As the new term begins, you might be thinking about how you’re going to spend your impending weeks of freedom. Without a job or internship, those plans might be centred around travelling- maybe a holiday with friends, or an aid project abroad. Something reminiscent of those sweltering gap year days becomes all the more appealing when you sit in your student house, watching icicles form on the inside of your windows…
However, the rapid growth of the ‘voluntourist’ market has been noticed by entrepreneurs abroad. Students in particular are increasingly falling into the trap of ‘orphanage tourism’. This idea encompasses schemes that deliberately maintain poor living conditions for children to secure funds from tourists- some even go so far as to take children from underprivileged homes to create situations that Westerners can pay to visit.
Cambodia is one such example. Torn apart by civil war in the 1970s, and again in the 1990s, it has become a hot bed of ‘voluntourism’- a site for people to visit and try and make up for the severe shortage of development funding by giving their time to orphanages and schools. However, reporters have found that not only are people exploiting the money and labour of people travelling to help abroad, but that Cambodian parents are giving their children to exploitative centres promising a better standard of upbringing and funds from this industry. It’s been estimated by Al Jazeera that over 70 per cent of the estimated 10,000 ‘orphans’ have at least one living parent. Far outstripping demand, the number of orphanages has doubled in the last decade alone.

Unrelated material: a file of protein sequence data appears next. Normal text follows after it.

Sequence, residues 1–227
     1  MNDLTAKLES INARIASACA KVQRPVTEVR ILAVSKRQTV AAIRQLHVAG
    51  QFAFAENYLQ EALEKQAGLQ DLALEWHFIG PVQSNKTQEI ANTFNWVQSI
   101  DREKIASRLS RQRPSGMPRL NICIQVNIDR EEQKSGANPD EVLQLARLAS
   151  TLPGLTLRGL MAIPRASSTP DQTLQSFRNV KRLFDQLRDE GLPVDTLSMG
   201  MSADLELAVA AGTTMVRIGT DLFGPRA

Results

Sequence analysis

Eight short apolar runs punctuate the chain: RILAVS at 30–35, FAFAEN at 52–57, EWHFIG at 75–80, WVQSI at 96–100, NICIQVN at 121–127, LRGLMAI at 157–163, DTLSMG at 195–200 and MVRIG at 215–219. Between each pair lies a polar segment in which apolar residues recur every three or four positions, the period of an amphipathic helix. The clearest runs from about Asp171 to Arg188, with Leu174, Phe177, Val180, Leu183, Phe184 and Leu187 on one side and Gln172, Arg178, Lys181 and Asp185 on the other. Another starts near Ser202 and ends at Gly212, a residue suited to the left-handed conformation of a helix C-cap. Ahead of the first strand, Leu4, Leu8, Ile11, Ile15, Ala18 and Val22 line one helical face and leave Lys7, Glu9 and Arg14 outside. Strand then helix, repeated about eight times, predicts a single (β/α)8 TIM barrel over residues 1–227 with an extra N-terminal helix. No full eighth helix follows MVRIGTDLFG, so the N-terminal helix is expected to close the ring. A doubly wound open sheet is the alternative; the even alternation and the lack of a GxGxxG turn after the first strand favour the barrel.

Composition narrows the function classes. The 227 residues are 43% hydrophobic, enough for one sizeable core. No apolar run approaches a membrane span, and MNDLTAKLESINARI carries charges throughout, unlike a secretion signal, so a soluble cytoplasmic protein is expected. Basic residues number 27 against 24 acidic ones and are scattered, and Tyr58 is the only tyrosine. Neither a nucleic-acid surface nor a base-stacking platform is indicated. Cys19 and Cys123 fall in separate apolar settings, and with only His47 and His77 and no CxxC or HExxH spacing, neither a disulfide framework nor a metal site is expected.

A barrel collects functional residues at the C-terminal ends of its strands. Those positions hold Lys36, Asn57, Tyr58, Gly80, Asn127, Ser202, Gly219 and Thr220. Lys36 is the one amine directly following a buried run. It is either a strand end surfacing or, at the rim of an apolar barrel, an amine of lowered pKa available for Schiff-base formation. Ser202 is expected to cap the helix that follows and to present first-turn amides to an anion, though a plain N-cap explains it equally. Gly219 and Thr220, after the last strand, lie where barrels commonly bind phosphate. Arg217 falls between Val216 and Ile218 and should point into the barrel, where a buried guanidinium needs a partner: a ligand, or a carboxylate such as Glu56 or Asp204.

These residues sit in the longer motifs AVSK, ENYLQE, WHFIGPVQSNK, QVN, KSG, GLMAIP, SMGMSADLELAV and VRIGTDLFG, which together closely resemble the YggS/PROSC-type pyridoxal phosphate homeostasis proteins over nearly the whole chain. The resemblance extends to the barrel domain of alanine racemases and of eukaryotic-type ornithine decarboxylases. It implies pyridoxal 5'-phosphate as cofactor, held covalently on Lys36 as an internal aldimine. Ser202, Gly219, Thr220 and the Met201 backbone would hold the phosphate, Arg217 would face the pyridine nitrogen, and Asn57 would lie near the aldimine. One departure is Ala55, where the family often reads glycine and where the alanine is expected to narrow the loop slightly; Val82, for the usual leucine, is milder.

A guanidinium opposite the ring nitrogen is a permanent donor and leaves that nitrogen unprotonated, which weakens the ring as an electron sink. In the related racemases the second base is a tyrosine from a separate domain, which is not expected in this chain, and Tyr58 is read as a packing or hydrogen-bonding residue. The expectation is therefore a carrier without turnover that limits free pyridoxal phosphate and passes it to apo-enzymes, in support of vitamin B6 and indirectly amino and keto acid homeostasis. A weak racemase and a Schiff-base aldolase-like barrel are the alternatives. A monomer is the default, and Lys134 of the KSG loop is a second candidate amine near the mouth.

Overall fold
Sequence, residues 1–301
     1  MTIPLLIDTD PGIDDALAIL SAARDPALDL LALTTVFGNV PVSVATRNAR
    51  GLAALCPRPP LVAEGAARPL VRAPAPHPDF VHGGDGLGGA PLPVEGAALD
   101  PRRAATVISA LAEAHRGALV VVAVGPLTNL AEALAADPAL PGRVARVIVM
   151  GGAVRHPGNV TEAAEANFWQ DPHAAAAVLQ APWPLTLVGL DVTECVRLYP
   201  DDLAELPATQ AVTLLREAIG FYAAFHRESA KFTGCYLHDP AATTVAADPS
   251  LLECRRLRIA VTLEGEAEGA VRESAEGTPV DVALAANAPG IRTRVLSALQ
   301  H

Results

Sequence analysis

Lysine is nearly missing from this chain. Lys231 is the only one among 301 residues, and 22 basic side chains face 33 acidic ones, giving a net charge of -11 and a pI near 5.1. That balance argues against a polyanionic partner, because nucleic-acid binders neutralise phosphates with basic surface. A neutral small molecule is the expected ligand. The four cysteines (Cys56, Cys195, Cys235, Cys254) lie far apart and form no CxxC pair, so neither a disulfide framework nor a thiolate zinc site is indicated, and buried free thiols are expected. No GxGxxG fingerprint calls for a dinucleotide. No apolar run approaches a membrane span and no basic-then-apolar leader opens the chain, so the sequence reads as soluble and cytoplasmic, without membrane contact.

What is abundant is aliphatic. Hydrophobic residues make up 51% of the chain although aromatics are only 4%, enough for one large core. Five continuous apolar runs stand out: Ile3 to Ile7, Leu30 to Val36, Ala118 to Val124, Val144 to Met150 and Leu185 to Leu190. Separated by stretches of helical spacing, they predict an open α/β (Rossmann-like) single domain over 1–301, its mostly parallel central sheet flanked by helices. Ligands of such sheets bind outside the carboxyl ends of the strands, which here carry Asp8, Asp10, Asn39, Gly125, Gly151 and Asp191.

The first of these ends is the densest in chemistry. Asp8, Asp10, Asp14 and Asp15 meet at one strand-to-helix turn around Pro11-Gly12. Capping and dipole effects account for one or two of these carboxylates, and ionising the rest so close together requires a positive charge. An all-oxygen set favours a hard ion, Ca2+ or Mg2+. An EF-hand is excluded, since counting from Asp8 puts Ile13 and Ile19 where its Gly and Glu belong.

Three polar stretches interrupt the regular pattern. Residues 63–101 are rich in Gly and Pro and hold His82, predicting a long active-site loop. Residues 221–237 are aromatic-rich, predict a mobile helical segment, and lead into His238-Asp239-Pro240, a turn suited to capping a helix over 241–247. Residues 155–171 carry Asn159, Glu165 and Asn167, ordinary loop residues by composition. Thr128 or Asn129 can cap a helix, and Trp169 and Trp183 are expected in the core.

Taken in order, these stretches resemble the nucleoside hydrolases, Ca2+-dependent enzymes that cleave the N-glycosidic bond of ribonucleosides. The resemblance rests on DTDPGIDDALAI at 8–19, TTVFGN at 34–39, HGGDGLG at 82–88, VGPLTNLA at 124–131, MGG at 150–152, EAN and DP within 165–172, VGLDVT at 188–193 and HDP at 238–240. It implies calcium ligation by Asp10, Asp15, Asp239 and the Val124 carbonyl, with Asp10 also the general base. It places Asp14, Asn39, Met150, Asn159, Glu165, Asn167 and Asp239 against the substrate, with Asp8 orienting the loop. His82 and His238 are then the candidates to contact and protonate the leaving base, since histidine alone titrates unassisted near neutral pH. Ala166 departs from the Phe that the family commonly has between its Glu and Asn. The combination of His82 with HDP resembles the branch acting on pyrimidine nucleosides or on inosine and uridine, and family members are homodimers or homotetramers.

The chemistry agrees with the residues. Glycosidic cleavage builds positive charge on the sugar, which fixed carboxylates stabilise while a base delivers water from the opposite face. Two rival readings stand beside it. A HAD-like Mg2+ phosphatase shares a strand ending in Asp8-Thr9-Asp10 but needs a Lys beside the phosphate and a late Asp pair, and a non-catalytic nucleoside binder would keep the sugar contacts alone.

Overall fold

The ChildSafe Network is a charity who have seen examples of this problem worldwide. “An orphanage is a child’s home, and they have the right to privacy in this space,” the charity reminds us. “Most people would never consider going to an orphanage, shelter or residential home in their own countries. They are not zoos.” And whilst the ready retort may be that orphanages and child-centres in developed countries don’t suffer from the same issues of funding as those in developing countries, the issue still stands that streams of tourists dropping in and out of these children’s lives really can be destructive. The funding tourists provide is not sustainable, and by “visiting orphanages and making a donation, you may be fuelling a system that exploits children” rather than one that helps them in the long run.